Monday, May 3, 2010

Lilly Ledbetter Fair Pay Act and Section 1981 Claims

Judge Frederick Martone of the District of Arizona issued an interesting opinion recently in Ekweani v. Ameriprise Financial, Inc., 2010 U.S. Dist. LEXIS 24219, 108 Fair Empl. Prac. Cas. (BNA) 1266 (D. Az. Mar. 3, 2010), where Plaintiff argued that the LLFPA applied to his compensation claim predicated on the denial of a promotion, said claim being pursued under 42 U.S.C. § 1981.

In rejecting the claim, the court made one interesting observation and one interesting holding.

First, the Court observed that the LLFPA arguably might not have any impact on claims under Section 1981, as the LLFPA amended Title VII, the ADEA, the ADA, and the Rehabilitation Act, but not specifically Section 1981. But while the Court suggested that “Congress did not amend § 1981 through the Ledbetter Act,” it noted that the courts use Title VII as a guide in resolving Section 1981 claims. At any rate, the Court went on to state that it “need not decide whether the legal principles from the Ledbetter Act apply to Section 1981 compensation discrimination claims, because Plaintiff did not bring one.” This issue is, in different clothing, the same issue that we posted about recently here, where Texas courts have read the LLFPA into the state anti-discrimination statute. Further, note that Judge Yvette Kane of the Middle District of Pennsylvania has adopted essentially the same reasoning, reading the LLFPA into the Pennsylvania Human Rights Act. Summy-Long v. Pa. State Univ., 2010 U.S. Dist. LEXIS 27953 (M.D. Pa. Mar. 24, 2010).

The Court in Ekweani skirted this issue, and disposed of the LLFPA case by adopting the reasoning of the panel of the D.C. Circuit, Judge Daniel Ginsburg writing, in Schuler v. PriceWaterhouseCoopers, LLP, 595 F.3d 370, 375 (D.C. Cir. Feb. 16, 2010), in which it was held that “the decision whether to promote an employee to a higher paying position is not a ‘compensation decision or other practice.’” On this issue, the courts remain divided. See, e.g., Barnabas v. The Board of Tr. of the Univ. of the District of Columbia, 2010 U.S. Dist. LEXIS 17711 (D.D.C. Mar. 1, 2010) (finding, in light of Schuler, a failure to promote to full time professor is not a compensation decision or other practice); Bush v. Orange County Corrections Dep’t, 597 F. Supp. 3d 1293, 1295 (M.D. Fla. 2009) (holding that while plaintiff’s complaint about demotions and pay reductions that occurred sixteen years before EEOC charge was filed would plainly be barred under Supreme Court’s Ledbetter decision, “with the passage of the [LLFPA] Plaintiff’s Title VII claims [were] no longer administratively barred”); Rehman v. State Univ. of New York at Stony Brook, 596 F. Supp. 2d 643, 651 (E.D.N.Y. 2009) (in case involving allegations that defendant refused to propose the plaintiff for appointment to associate of full professor with tenure, court held that although plaintiff filed his EEOC charge on April 13, 2007, under LLFPA, his wage discrimination claims based upon actions occurring on or after April 13, 2005, two years prior to his EEOC charge, were timely, which claims presumably included the defendant’s refusal to consider him for tenure); Rowland v. Certainteed Corp., 2009 U.S. Dist. LEXIS 43706 (E.D. Pa. May 21, 2009) (holding that plaintiff’s untimely “failure to promote” claim was not saved by the Act because it was not a discriminatory compensation claim and thus was not within the scope of the Act); Gentry v. Jackson State Univ., 2009 U.S. Dist. LEXIS 35271 (S.D. Miss. April 17, 2009) (holding that a denial of tenure to a university professor qualified as a compensation decision or other practice affecting compensation within the Act, and that the professor’s Title VII claim based on that tenure denial was thus timely even though it was filed well after the 180-day deadline under Title VII for timely submission of claims); Shockley v. Minner, 2009 U.S. Dist. LEXIS 31289 (D. Del. Mar. 31, 2009) (applying LLFPA to find failure to promote claim timely).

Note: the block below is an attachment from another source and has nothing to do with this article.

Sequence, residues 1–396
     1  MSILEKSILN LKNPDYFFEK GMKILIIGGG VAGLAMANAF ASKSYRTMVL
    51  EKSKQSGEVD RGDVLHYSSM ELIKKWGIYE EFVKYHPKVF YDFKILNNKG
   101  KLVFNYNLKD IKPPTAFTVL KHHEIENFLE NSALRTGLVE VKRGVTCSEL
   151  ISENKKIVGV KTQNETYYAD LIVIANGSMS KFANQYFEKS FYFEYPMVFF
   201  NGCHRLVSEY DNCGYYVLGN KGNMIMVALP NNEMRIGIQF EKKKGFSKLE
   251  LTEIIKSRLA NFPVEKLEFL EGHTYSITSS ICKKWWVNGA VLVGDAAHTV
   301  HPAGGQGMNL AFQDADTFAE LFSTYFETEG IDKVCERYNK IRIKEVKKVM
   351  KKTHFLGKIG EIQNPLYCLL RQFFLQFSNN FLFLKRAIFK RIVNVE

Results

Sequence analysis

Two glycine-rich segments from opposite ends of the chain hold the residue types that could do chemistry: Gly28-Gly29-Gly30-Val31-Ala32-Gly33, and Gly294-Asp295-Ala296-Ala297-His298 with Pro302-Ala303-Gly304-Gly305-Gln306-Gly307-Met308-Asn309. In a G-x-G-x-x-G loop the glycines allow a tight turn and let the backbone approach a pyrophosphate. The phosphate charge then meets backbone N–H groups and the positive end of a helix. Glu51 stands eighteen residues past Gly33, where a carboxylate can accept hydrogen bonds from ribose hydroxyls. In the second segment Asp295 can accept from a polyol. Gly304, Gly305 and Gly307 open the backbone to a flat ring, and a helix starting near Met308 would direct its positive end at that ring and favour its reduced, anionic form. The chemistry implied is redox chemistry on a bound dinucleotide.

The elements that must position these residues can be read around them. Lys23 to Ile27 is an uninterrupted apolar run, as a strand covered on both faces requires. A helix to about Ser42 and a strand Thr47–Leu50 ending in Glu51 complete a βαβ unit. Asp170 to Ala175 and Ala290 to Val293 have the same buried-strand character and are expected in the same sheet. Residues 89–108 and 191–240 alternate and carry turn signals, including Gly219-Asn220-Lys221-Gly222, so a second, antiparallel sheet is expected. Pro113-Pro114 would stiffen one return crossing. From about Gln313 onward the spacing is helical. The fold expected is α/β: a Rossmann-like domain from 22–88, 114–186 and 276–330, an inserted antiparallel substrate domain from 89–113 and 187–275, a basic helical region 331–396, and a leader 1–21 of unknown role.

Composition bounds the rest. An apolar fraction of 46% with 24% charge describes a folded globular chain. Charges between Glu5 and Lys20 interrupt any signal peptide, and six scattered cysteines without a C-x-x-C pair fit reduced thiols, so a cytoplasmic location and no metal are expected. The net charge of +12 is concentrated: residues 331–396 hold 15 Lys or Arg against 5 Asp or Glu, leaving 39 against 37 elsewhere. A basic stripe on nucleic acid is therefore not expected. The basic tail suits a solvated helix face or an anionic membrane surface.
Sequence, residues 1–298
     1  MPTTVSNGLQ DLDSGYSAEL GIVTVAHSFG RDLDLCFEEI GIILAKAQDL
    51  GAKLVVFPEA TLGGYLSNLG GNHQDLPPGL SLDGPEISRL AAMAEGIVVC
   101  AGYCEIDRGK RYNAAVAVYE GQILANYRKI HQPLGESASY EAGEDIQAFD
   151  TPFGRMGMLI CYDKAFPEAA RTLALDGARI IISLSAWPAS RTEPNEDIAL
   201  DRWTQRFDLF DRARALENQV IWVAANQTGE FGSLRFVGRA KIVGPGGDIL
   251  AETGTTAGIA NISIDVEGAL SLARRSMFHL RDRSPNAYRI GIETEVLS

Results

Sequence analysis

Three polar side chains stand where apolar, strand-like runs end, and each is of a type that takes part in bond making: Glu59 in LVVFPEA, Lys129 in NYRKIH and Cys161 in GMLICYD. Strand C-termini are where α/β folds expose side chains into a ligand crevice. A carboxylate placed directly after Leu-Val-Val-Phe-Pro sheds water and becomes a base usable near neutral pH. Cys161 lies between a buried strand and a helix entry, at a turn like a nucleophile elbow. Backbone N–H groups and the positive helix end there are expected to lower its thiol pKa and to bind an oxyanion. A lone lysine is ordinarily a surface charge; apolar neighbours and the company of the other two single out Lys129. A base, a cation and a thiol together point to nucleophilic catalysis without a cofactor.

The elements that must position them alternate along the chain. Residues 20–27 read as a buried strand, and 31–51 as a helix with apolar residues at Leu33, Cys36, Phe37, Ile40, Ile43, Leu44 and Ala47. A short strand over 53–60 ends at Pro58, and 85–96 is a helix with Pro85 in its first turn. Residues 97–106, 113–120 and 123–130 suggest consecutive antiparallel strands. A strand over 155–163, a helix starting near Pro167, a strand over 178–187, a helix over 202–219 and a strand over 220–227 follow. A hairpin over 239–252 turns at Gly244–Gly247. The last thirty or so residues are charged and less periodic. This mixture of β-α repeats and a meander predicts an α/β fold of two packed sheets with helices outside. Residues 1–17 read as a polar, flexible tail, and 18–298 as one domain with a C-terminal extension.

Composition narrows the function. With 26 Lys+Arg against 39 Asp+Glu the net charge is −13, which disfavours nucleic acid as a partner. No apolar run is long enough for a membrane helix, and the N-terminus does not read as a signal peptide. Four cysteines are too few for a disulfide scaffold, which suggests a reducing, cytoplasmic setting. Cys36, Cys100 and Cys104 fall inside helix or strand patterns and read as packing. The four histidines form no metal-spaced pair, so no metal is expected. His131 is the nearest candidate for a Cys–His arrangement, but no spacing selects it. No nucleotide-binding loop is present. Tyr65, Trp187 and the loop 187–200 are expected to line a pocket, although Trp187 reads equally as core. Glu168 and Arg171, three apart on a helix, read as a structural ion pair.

Presumably Ekweani will now be the subject of an appeal to the 9th Circuit.

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